Although I am no longer teaching in a classroom, I carry the classroom with me and all the ways it has formed me. The teacher in me travels out onto the soccer field, into an email about writing, and into conversations I have about creating and reading and learning. The athlete in me is not pushed away. She just has to find her home in the slow and in the simple joy of moving her body.
We each, in the past few years, have weathered the wreckage of many storms at sea. We’ve experienced our fragility and the fragility of those around us. It’s painful. It’s humbling. It’s hard. And it is simultaneously what has connected us to others. Tomorrow I turn 25. All of 24 felt connected to learning about my disease, living with it, and seeing all that it was breaking. The first half of the year, I was quite quiet about my fragility with it all. I did what I always did. I pushed through. That is, until it all pushed down upon me and I couldn’t hide the wreckage it was causing.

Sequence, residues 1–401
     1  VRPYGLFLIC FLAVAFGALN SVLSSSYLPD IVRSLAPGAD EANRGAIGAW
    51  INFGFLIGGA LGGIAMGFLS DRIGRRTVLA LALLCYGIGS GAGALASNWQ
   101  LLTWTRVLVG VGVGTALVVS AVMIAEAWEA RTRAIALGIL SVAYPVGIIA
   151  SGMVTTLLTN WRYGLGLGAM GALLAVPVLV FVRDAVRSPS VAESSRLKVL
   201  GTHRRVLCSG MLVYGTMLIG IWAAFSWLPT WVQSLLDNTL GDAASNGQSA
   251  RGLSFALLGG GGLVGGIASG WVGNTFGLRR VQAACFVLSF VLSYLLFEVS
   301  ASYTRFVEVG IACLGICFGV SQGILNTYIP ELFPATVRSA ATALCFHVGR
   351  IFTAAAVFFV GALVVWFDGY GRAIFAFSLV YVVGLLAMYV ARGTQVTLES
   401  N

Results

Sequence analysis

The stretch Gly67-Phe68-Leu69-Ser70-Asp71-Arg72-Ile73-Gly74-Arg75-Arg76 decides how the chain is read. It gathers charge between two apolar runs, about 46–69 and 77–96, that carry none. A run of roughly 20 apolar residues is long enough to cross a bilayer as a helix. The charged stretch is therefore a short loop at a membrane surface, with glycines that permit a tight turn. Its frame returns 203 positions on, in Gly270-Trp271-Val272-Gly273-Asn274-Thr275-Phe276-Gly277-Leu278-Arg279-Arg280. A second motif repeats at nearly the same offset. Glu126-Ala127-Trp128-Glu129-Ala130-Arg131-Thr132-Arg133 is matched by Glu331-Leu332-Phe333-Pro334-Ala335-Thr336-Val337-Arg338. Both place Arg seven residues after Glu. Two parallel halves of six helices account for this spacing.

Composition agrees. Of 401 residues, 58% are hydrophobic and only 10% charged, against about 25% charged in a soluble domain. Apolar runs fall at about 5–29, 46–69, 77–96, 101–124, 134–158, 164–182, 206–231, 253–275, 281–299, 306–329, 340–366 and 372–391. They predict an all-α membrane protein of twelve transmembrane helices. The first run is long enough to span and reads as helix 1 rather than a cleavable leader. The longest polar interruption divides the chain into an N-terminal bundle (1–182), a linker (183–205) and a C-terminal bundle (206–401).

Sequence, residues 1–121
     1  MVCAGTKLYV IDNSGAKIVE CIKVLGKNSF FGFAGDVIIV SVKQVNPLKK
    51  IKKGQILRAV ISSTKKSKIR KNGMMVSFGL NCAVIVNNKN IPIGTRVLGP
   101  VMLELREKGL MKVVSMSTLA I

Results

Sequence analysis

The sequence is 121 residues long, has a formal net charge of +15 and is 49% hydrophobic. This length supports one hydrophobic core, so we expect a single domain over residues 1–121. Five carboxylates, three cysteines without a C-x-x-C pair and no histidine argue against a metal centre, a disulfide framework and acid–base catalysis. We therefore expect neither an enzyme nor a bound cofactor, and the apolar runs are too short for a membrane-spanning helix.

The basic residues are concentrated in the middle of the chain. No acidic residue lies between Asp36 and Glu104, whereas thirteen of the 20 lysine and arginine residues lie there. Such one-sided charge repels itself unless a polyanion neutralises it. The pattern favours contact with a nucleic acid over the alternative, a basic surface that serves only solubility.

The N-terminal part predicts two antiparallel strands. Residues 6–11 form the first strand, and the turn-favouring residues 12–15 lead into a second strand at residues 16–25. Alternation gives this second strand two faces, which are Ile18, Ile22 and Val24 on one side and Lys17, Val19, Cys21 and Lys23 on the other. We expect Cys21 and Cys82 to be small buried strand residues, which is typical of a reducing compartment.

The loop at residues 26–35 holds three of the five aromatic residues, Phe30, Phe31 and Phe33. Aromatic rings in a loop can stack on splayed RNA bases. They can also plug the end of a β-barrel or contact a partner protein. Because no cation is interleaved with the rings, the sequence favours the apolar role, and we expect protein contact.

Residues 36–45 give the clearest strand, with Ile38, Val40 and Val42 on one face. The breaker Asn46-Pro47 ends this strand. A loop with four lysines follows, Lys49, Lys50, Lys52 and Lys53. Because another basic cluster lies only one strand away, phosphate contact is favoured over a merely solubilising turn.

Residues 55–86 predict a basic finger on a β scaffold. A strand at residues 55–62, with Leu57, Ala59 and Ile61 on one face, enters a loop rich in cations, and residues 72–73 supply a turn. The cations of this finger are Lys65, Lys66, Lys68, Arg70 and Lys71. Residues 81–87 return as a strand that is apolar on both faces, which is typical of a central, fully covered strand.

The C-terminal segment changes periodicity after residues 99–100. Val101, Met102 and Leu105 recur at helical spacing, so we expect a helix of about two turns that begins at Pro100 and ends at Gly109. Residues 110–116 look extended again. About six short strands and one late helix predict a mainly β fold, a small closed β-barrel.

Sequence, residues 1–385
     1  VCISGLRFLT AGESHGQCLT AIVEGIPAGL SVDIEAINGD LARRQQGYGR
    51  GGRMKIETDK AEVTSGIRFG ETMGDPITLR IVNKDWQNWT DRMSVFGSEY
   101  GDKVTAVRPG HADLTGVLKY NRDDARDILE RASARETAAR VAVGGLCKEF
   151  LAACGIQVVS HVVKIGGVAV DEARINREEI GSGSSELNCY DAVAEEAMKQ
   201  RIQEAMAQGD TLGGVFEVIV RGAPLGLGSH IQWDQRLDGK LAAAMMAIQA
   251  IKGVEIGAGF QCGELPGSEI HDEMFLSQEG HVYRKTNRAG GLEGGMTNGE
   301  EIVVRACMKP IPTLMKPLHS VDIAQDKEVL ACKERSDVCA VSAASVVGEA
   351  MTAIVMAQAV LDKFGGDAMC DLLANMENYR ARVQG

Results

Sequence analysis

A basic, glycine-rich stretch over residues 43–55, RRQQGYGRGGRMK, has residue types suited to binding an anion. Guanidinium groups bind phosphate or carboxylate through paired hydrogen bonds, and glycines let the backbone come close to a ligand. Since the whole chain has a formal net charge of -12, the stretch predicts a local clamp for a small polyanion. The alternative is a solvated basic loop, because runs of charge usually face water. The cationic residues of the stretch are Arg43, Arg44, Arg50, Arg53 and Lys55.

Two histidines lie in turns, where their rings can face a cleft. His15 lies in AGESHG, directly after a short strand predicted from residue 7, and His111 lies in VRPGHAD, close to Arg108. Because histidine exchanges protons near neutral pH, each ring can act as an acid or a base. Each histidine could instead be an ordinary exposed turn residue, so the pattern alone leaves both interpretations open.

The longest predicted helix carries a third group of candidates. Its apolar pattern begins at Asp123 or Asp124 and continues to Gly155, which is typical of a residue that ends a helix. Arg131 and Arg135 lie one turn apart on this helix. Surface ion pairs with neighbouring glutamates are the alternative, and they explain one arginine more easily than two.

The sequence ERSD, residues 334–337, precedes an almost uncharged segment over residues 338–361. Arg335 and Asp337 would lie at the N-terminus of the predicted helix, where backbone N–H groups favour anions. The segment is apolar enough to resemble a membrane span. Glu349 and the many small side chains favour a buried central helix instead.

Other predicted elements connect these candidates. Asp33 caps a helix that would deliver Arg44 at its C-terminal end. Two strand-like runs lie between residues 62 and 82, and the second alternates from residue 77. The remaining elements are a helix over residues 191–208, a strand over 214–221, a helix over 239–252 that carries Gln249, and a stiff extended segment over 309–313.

As I have been thinking of this metaphor connected to my being as a vessel, I have thought of a Japanese art Carson had once told me about. Christy Bartlett in “Flickwerk: The Aesthetics of Mended Japanese Ceramics” explains the art by saying,
“Kintsugi (golden joinery) is the Japanese art of repairing broken pottery with lacquer dusted or mixed with powdered gold, silver, or platinum, a method similar to the maki-e technique. As a philosophy, it treats breakage and repair as part of the history of an object, rather than something to disguise.”
How beautiful is that?!